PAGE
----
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Download an MP3 file of a performance of the third movement of this work by Evan Roider, piano and the Holyoke Civic Symphony, David Kidwell, conductor.
Download a PDF file of the solo part of this composition.
Download a PDF file of the full score of this composition. For perusal only -- not printable.
Premiered by the Holyoke Civic Symphony, David Kidwell, music director with Evan Roider, pianist on October 21, 2012 in Holyoke, Massachusetts
Across the Water is a piano concerto based on familiar songs, all with water themes. The intent was to create music with a simple, folk language, yet with the drama and variety inherent to the concerto genre.
One might imagine a pianist sitting alone at the keyboard to enjoy playing a well-loved song. As the playing develops, orchestral instruments surround the soloist. The pianist therefore is able to switch roles, and sometimes accompany the melody as it is played by the orchestra. The first movement is "Peace Like a River." This starts peacefully and quietly, in keeping with the message of the first verse, "I've got peace like a river." However, the growth in the original song, from verse to verse, is translated into the new arrangement. "I've got pain like an arrow" is accented, with increased dynamics and tempi. The third verse, "I've got strength like a mountain" is expressed through block chords (mountains). An interlude leads to "I've got joy like a fountain," which is filled with scalar runs and arpeggios. The final verse is the most boisterous - "I've got determination!"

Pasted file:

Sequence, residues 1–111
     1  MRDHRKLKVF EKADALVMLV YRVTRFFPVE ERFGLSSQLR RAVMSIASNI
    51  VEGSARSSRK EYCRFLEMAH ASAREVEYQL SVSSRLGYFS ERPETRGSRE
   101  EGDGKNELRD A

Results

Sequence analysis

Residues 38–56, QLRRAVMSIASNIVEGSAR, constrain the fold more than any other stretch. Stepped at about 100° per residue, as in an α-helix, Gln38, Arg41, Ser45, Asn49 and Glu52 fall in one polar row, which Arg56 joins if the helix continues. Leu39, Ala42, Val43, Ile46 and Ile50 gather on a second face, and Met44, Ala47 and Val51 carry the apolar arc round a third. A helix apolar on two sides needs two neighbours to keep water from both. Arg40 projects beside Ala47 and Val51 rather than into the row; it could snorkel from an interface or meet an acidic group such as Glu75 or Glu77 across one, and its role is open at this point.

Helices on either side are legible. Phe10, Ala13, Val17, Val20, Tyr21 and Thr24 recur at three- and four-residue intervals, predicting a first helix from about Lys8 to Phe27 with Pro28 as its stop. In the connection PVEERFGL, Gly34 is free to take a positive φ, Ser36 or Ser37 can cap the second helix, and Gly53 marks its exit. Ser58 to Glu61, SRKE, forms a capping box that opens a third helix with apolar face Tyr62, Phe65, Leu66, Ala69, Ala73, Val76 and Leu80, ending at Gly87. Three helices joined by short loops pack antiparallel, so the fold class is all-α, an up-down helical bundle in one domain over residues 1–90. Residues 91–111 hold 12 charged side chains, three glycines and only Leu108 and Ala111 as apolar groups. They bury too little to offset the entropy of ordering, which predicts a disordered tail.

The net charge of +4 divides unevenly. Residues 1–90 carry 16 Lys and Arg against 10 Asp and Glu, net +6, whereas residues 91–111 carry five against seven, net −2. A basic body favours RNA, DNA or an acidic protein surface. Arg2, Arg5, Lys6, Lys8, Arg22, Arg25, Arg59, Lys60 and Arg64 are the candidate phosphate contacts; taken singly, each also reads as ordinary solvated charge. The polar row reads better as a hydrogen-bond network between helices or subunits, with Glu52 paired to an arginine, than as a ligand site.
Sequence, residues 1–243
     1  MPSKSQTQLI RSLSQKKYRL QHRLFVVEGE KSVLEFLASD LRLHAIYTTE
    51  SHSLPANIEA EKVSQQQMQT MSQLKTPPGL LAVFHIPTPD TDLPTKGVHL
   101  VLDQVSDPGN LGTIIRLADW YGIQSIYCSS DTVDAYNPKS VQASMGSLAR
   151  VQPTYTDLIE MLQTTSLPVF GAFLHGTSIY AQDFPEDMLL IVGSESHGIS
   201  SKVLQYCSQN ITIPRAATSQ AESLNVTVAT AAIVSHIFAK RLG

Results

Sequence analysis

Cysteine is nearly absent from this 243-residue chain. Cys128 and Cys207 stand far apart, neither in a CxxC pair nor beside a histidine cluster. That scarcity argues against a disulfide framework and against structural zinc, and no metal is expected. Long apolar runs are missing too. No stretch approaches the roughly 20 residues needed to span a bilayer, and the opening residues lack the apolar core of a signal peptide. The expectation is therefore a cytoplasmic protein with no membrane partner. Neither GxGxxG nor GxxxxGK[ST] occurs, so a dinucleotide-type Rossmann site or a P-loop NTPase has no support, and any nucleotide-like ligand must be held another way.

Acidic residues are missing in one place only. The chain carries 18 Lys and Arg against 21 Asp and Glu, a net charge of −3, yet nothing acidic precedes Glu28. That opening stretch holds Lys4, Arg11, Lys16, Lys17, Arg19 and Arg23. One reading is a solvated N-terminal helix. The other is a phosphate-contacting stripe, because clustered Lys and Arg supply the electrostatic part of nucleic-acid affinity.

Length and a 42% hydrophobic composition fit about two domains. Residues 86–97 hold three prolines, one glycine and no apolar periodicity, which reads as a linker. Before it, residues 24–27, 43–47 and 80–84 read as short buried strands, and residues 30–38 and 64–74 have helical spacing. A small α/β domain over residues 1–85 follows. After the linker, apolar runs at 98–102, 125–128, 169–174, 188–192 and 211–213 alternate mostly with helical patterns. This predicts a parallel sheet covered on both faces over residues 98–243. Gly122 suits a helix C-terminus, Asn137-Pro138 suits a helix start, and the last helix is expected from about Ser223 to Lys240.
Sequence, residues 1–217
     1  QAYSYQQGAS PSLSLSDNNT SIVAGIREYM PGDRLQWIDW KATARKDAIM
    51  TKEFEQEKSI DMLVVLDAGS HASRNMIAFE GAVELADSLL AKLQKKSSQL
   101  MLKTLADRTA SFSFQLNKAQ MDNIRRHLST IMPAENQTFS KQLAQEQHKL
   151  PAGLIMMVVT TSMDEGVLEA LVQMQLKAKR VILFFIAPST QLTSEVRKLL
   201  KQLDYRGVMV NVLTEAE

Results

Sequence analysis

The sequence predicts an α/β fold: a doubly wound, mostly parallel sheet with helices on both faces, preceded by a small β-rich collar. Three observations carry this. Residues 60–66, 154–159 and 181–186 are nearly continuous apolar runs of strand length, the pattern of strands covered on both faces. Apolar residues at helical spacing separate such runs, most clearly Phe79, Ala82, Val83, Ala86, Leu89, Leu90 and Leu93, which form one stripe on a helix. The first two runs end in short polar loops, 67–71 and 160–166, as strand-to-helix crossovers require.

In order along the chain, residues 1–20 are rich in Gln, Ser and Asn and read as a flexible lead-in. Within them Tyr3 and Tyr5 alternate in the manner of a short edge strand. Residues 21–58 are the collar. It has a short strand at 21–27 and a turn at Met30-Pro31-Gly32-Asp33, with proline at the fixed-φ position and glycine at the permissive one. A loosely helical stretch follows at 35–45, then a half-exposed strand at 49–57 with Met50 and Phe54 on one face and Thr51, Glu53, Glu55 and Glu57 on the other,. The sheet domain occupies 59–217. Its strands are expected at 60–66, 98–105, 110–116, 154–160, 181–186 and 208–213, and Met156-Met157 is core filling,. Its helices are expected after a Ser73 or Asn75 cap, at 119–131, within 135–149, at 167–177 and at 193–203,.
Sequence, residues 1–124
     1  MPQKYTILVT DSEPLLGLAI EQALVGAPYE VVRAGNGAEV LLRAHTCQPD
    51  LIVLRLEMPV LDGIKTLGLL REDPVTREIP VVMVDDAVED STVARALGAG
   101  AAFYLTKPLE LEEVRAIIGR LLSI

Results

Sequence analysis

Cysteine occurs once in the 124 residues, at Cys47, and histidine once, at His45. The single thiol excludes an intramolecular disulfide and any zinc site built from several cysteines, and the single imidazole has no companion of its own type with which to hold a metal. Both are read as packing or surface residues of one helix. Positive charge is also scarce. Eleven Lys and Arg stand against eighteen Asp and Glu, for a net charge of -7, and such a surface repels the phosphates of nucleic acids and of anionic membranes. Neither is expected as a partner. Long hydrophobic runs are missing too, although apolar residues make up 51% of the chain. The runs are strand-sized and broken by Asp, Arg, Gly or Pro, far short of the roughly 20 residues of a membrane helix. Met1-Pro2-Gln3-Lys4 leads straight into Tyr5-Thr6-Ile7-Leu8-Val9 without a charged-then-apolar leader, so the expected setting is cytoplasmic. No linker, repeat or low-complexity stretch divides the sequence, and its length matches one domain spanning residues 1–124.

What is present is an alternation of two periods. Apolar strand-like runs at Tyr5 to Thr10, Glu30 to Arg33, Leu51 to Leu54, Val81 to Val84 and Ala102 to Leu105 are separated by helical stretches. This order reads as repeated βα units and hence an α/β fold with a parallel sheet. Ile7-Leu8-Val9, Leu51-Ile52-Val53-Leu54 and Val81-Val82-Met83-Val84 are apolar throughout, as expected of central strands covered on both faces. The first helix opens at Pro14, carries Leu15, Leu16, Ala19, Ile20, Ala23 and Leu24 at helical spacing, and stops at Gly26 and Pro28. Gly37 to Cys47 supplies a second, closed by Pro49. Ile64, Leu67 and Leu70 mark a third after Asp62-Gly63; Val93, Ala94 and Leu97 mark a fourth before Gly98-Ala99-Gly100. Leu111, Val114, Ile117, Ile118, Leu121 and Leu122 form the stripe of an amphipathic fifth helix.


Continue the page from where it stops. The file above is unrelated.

"I've got peace like a river, strength like a mountain, joy like a fountain...in my soul."
"Way, Haul Away" is a sea chanty from the British Isles. This is a rowdy song. In this new presentation, the music opens with a minor third in the high range of the solo piano. This is marked "As a Captain's Whistle in the distance." Little tremoli patterns (suggestive of a school of fish) swim by. Strains of the original song are played in the orchestra (interrupted by the fish). And then the actual song begins, energetically, in the solo piano. There is much back-andforth exchange of phrases, in a style similar to how sailors might sing this song, alternating lines with each other.
A middle section (switching from minor to major tonality) is inserted. This might be heard as a hornpipe dance section, to be played by the fife (piccolo). The song theme returns, and the music ends with a quick ascent, up from the bottom of the sea.
"The Water is Wide" is a well-known English song. In this new presentation, the orchestra provides a flowing introduction as waves rocking the boat to and fro. The melody is played by the soloist. The abundance of unaccompanied passages express the freedom and solitude of this song.
The music modulates to "deeper" keys (many flats) as a secondary melody is presented. Eventually, this "brightens" back to the original Eb tonality. Before the theme returns, the piano creates the accompaniment, as large waves surrounding the simple tune. And indeed, the piano never does play the theme. Instead, the opening "rocking of the boat" motives return to bring the music to a close.
Notes by the composer